- “In Jewish eyes, there is a total logic to these two being canonized together; in fact, many Jews probably think it’s because of the Jews that they’re being canonized together.”

- John XXIII holds “the copyright” for the modern Catholic Church’s respectful approach to other religions.

- “John XXIII’s recognition that the church had to reassess its whole relationship with the Jewish people, which was the inspiration for ‘Nostra Aetate’ was what led the church to begin to look at its relationship with all other religions.”

- The Catholic Church “came to a more universal approach to dialogue out of its ‘rehabilitation,’ if you like, of its relationship with Judaism and the Jewish people.”

- John XXIII “is the revolutionary,” the rabbi said, and everything later popes did built on his groundbreaking moves.

- “I think it’s quite striking: John XXIII starts the process and John Paul II takes it to new heights.”

Just in case you’re not ready to vomit just yet, consider that Rosen represents a people who, in the AJC’s own words, “often disagree vigorously over the interpretation of tradition,” and who differ over such “fundamental issues” as “who is a Jew, what does it mean to be a Jew, the meaning of a Jewish state, and the future agenda of the Jewish people.”

And yet, if one were to identify the solitary point of doctrinal unity that practically every self-proclaimed Jew readily affirms as endemic to his or her identity, it is the rejection of Jesus Christ, their long-awaited Messiah who said, “He who rejects me rejects Him who sent me.”

If nothing else, Rabbi Rosen’s reaction to the upcoming canonizations (May God in His mercy forbid them!) hammers the point home that John XXIII and John Paul II, more than anything else, represent the neo-modernist’s own rejection of Jesus Christ as evidenced in their utter failure to embrace the mission that He gave to His Church.

In addition to adding glowing praise for John Paul II from a Muslim theologian who teaches at Rome’s Pontifical Institute for Arabic and Islamic Studies (and why such a thing even exists is beyond me), Wooden offers:

Blessed John began the process that led to the Second Vatican Council’s recognition that the seeds of truth and even God’s presence could be seen at work in other religions; Blessed John Paul showed the world how seriously the church believes that by inviting representatives of all the world’s major religions – and several local indigenous religions – to Assisi, Italy, in 1986 to pray for peace.

Based on the behavior of these popes, they apparently believed that the “seeds” are as good as the tree, and the Divine presence is such in these false religions as to render the call to conversion to the Catholic faith entirely unnecessary; a shameful deviation from the Divine mandate that has been carried on by every pope in between and since right up to Pope Francis.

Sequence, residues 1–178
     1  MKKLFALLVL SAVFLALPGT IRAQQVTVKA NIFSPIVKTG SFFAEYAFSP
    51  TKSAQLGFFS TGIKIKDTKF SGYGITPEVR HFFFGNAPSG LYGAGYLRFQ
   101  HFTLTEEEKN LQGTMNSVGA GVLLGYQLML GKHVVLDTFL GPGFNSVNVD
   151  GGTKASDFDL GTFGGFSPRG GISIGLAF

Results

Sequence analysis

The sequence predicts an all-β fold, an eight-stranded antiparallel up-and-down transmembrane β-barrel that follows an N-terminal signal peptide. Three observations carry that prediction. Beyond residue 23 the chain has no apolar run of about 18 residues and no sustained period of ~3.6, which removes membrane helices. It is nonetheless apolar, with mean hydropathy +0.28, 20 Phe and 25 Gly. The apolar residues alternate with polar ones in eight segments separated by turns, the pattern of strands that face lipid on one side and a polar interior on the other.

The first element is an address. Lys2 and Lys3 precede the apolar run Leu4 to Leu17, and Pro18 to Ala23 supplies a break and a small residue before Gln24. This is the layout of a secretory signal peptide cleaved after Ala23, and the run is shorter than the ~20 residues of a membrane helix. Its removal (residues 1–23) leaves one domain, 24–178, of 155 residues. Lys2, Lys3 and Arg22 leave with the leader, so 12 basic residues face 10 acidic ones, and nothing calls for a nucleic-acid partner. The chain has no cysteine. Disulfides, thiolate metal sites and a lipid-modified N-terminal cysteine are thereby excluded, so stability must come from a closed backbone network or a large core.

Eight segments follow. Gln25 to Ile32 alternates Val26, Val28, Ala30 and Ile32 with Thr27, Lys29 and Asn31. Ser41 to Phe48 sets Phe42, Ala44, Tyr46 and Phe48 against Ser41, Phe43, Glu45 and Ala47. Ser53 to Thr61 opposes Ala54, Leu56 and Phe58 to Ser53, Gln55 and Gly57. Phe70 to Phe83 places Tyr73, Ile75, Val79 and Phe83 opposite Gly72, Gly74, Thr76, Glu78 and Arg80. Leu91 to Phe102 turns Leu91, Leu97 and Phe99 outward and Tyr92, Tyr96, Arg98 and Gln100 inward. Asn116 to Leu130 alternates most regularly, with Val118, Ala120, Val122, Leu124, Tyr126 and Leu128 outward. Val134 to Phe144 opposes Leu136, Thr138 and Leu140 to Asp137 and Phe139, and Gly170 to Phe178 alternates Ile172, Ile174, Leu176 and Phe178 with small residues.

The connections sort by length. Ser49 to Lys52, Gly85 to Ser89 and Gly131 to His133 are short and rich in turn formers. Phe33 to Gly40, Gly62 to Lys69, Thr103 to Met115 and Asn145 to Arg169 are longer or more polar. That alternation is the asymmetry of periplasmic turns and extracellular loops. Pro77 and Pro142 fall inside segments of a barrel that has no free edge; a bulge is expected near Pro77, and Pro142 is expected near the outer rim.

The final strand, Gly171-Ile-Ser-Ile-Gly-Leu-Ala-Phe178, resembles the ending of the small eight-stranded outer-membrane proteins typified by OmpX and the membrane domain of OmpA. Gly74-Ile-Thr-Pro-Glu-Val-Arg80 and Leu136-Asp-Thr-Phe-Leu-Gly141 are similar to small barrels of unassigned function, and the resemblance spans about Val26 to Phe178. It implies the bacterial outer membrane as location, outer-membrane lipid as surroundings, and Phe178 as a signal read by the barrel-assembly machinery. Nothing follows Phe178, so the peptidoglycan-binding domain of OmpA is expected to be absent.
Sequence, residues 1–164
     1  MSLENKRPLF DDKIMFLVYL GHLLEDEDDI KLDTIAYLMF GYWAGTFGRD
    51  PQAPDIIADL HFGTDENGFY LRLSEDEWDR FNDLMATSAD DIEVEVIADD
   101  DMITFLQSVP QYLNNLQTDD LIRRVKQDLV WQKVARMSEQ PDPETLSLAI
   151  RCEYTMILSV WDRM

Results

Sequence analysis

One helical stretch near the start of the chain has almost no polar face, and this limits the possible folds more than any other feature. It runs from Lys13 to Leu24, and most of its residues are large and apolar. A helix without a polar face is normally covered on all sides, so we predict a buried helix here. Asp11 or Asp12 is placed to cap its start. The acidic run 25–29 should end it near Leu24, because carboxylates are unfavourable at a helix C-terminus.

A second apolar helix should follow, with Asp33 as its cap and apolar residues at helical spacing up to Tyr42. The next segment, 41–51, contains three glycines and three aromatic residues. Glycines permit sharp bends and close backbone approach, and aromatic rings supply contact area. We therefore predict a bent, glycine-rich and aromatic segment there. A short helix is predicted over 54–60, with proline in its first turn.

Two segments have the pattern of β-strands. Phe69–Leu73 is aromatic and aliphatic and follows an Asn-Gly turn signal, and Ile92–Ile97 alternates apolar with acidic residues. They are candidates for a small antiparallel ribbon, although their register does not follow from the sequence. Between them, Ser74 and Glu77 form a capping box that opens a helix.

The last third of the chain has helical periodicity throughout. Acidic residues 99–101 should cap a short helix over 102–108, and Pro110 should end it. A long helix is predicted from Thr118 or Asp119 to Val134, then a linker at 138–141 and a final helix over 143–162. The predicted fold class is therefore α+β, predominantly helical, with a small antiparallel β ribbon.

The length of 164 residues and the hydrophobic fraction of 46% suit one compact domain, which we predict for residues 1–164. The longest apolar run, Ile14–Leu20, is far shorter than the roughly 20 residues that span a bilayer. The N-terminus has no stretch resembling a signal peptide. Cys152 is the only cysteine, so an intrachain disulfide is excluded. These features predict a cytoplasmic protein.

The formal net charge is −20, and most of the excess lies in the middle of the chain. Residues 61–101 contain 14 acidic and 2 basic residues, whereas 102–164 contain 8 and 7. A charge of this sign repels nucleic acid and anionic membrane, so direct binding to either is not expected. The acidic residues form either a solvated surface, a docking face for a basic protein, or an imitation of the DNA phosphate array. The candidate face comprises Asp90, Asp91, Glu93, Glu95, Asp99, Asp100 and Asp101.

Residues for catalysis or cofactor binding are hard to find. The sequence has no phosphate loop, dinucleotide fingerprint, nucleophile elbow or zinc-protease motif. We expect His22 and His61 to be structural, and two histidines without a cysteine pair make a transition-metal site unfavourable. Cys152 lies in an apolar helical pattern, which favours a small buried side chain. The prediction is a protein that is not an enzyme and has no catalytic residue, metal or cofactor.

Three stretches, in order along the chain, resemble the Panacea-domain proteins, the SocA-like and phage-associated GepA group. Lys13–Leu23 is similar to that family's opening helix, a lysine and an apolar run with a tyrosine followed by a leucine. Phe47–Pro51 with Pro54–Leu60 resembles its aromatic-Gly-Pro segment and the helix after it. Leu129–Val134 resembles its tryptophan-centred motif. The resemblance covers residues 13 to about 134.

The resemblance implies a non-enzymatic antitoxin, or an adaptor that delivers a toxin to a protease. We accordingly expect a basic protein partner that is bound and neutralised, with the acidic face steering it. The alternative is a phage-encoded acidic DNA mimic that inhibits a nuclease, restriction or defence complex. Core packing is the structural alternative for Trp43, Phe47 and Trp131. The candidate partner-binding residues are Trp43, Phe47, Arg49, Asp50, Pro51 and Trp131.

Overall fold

No wonder those who reject Christ are so delighted with the prospect of the upcoming canonizations (May God in His mercy forbid them!) as such will deceive a great many innocents into believing that this is the “new normal.”

Make no mistake, it is not, and the Lord in His thirst for souls will endure the deception for only so long.

We are back!

9. April, 2014Blog Post15 comments

OK… It looks like we’re good to go for comments.

You will need to register with a user name and valid email address in order to comment. I really appreciate your patience and look forward to seeing this community come back to life.

Many readers here never comment, and that’s fine, but I would urge you to register just the same. If we’ve learned one thing recently, it’s that the enemies of tradition will stop short of nothing to shut the blog down. Registering will give me a way to share news directly with readers no mater what.

BTW – I’ve reported the hacker who created this mess to the appropriate authorities. I have to say that I am surprised how seriously these kinds of things are taken. I really expected it to be dismissed with “That’s too bad.” As it is, he or she may have to answer for their malfeasance.

No system fool proof, but we’re better off now than before. In any case, you know the difference between a troll and someone who just hasn’t yet had their eyes opened to the crisis in the Church. Ignore the former and they’ll usually go away. Be kind to the latter and they will eventually come to rediscover their stolen inheritance.

Lastly, I will have some exciting news to share tomorrow about some of the upgrades recently made to the site.

Thanks again for your patience. All indications are traffic here didn’t drop at all and I appreciate it.


9. April, 2014Blog PostNo comments

Good news… almost.

After a lot of work it looks like we’ll be able to reactivate the comments very soon; likely at some point today. I’ll post when all is ready to go, we’re working out a few final details on a new registration system.

It’s going to be necessary for me to wipe out any registered users so we start fresh, so if you managed to register, you’ll have to repeat the process.

Thanks for your patience! Please stay tuned.